Jennifer Riley-Collins named vice president of Advocacy at the Sargent Shriver National Center on Poverty Law

Alcorn State University alumna Jennifer Riley-Collins has been selected to lead the charge on combating poverty in her community.

Collins was hired as vice president of Advocacy at the Sargent Shriver National Center on Poverty Law in Chicago, Illinois Tuesday, Jan. 17. Her duties include leading the Shriver Center’s advocacy staff in advancing justice and opportunity for those who live in poverty.

According to a Shriver Center press release, Collins has served as the executive director for the American Civil Liberties Union of Mississippi where she led legal and legislative advocacy efforts resulting in significant criminal justice reforms. She has also successfully championed protections for public benefit recipients and equal rights for LGBT community members. Collins had a decorated military career in the United States Army where she served as colonel, military assistant to the assistant secretary of the Army for Manpower and Reserve Affairs, battalion commander, command inspector general and senior intelligence and security officer.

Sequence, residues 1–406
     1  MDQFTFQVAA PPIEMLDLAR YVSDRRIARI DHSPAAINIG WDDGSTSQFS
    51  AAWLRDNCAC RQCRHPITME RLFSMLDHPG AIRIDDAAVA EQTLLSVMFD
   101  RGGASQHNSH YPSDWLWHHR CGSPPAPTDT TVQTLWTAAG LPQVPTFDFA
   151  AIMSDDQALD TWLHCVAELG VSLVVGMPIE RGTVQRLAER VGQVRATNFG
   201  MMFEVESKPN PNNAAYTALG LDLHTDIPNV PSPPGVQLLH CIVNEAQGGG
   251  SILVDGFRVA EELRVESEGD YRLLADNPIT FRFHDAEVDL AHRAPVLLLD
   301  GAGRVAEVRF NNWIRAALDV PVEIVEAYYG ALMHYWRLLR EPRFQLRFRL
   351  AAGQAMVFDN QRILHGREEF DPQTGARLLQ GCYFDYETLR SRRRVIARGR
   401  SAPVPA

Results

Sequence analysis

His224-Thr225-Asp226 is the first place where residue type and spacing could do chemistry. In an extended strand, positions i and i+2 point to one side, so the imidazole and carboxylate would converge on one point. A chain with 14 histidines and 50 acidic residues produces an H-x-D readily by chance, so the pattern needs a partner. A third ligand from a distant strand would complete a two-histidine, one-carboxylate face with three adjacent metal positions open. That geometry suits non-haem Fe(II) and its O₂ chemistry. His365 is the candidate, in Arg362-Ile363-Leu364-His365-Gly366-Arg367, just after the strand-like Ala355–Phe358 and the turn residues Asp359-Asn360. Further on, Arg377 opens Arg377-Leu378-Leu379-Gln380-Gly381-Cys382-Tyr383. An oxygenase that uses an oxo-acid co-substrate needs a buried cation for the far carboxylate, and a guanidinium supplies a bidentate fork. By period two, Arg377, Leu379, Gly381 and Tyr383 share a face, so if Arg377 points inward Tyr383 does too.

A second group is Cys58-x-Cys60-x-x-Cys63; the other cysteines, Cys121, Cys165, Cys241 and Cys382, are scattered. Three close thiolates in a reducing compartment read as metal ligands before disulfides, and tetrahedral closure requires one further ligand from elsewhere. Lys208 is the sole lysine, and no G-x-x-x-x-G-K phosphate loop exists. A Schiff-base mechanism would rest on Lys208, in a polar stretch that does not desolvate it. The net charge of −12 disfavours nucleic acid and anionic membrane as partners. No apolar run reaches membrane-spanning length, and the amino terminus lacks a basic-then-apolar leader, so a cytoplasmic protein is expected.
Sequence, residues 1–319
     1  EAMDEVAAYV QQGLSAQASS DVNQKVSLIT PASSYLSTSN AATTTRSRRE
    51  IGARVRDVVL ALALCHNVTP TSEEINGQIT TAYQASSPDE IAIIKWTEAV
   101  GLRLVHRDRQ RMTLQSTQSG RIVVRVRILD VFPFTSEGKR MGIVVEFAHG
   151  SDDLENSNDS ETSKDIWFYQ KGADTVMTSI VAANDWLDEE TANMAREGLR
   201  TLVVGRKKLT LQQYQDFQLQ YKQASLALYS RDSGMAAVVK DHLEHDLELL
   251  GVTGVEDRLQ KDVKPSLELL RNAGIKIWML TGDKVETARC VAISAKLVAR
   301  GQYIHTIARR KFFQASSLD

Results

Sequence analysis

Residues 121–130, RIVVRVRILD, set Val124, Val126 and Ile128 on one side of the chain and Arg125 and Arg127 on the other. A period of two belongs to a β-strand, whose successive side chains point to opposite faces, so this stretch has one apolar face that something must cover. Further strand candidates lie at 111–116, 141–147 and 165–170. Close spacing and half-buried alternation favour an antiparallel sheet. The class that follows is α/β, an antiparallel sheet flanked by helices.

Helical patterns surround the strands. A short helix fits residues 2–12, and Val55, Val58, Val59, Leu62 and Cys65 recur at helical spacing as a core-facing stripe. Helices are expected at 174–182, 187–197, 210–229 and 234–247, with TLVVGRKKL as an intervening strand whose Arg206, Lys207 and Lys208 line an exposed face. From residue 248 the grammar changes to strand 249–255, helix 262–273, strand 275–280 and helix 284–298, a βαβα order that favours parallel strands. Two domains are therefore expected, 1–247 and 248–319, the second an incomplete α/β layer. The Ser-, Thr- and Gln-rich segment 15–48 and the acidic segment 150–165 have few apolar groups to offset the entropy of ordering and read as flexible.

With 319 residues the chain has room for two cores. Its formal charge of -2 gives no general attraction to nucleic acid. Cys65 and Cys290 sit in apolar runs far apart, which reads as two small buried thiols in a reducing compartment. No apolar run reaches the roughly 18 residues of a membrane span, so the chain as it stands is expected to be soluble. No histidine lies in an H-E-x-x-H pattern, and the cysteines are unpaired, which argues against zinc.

Collins anticipates a fine career in her new role. The Shriver Center’s dedication to taking care of others is what motivated her to pursue a career with them.

“I am honored to be a leader at the Shriver Center during this time in the nation’s history,” said Collins, who earned a bachelor’s degree in political science/pre-law in 1987. “I was drawn to the position by the Shriver Center’s legacy and its continued commitment to protect the interest of people living in poverty and to advance racial justice.”

Strengthening the Center’s future is a priority of Collins. She hopes to prepare the Center’s next generation of employees to make a significant impact on society.

“I hope to posture the Center for its next generation of national impact. The Shriver Center’s legal and policy expertise regarding issues that are at the core of its mission and its expanding network uniquely positions it for impact in states across the country.”

It was her time as a student at Alcorn that Collins credits for her many achievements and personal enlightenment.

“Alcorn helped prepare me for every career opportunity and success I have been fortunate to achieve. Alcorn, as well as other HBCUs, echoed what our parents had whispered in our ears and filled the holes left by our grade school education experience and ensured that we knew our value, potential and obligation to go into the world and be champions.”

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